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Gauteng Health looting and corruption rot ’runs deep’ – nurse activist

There’s no money for Panado or tenders for condoms, and yet there’re thousands of rands for skinny jeans, says fiery nurse activist Fikile Dikolomela-Lengene, who says she has had a front-row seat to corruption unfolding in Gauteng’s public health sector and is not afraid to speak out, writes Biénne Huisman for Spotlight.

“I don’t know how they’re going to get rid of corruption in health in Gauteng. You have to ask, who authorises codes for jeans, skinny jeans, in a hospital? It’s like somebody’s mocking the governance,” she says.

Dikolomela-Lengene grew up in the corridors of Chris Hani Baragwanath Academic Hospital in Soweto: the youngest of nine siblings and the only daughter, her father died when she was three-years-old. After this, her mother, a nurse at Baragwanath Hospital, would take her to work.

“She worked in the same surgery theatre at Bara for 40 years,” says Dikolomela-Lengene. “I would actually sleep on stretchers or accompany her to fetch patients. This was a single mom with a little girl and nobody to look after her and she needed to work.”

The young Dikolomela-Lengene grew inspired to become a nurse, while cultivating her first inkling of justice. “I saw what was happening, and I thought, this is something I would like to do,” she says. “It came with a lot of context of the profession. I mean, I saw my mom and how the profession didn’t upskill her, how she suffered because of having a child, the shifts, and so on. And I think it’s where the love for professional activism came in. To say, if I go into this profession, I wanted to be able to influence change.”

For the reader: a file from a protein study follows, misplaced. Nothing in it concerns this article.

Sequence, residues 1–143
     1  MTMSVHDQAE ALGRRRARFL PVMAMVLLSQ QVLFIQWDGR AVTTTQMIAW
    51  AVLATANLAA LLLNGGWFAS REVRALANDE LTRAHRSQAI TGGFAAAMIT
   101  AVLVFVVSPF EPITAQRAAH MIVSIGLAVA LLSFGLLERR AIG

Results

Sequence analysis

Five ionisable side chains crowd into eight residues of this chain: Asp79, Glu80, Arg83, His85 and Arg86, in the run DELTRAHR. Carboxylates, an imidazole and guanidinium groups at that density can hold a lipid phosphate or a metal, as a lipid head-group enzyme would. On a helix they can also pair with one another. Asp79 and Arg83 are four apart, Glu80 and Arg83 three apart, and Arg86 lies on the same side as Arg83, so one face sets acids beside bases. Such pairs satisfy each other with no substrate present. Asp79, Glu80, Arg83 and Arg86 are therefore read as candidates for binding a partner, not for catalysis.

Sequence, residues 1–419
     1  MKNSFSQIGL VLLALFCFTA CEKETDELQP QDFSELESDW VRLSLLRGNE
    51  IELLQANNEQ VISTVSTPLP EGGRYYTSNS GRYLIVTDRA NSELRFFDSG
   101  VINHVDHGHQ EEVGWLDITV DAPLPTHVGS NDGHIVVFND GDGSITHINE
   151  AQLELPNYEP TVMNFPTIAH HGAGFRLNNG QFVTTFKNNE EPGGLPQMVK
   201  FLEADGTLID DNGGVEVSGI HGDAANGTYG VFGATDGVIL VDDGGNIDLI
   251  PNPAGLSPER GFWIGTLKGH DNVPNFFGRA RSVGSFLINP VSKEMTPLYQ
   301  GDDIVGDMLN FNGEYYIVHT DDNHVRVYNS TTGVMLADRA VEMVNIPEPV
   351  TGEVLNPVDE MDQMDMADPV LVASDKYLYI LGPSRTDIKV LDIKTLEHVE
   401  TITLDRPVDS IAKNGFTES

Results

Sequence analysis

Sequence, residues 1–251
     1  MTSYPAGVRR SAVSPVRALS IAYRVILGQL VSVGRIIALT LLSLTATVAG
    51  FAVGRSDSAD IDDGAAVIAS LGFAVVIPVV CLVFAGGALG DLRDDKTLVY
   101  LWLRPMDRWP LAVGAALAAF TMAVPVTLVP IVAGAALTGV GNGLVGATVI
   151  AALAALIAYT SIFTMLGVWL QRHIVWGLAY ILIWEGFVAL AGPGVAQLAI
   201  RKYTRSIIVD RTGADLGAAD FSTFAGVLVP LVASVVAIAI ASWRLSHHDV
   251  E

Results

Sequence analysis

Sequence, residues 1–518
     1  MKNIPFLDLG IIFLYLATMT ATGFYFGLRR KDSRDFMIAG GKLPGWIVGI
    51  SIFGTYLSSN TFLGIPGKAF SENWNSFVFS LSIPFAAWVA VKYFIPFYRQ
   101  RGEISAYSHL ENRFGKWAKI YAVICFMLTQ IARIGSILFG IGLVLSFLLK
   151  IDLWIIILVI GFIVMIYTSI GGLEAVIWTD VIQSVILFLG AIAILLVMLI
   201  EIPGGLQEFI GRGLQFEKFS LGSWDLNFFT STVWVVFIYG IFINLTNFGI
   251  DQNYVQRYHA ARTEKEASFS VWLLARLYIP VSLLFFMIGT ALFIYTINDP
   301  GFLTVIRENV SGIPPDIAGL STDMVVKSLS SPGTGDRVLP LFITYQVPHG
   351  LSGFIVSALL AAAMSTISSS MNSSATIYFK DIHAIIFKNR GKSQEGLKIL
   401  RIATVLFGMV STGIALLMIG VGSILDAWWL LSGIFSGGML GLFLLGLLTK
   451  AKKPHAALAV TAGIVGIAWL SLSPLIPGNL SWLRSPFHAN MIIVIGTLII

Nurse activist

Today, with a string of qualifications including a Bachelor’s degree in nursing from North West University and a Mandela Washington Fellowship for Young African Leaders, Dikolomela-Lengene (36) describes herself as a “nurse activist” and calls herself ‘Sr Fikx’ because she is passionate about influencing change in the public health sector.

Based at the Stretford Community Health Centre – serving the township of Orange Farm in Johannesburg south – she is passionate about HIV care and heads several public health campaigns at community level.

Commenting on the report findings of the Stop Stockouts Project launched in August, she laments the shortfall of contraceptives, particularly injectable contraceptives and condoms.

“What is interesting is the non-acquiring of condoms, in an era when HIV is so rife,” she says. “We ran out of (government-issued) condoms in May. And they actually don’t even have a new tender yet. This shocked me. We should plan, right?”

She points out the ripple effects of this shortfall, like an increase in required abortions. “Since there are none of these types of contraceptives, how has it affected our TOP (termination of pregnancy) services? Especially in clinics where these services are burdened already.”

'Rot of corruption'

Dikolomela-Lengene told Spotlight “the rot” of corruption in Gauteng’s health sector runs deep.

In 2015, she was a founding member of The Young Nurses Indaba Trade Union (YNITU), which represented more than 10 000 workers, who pay R70 per month for membership.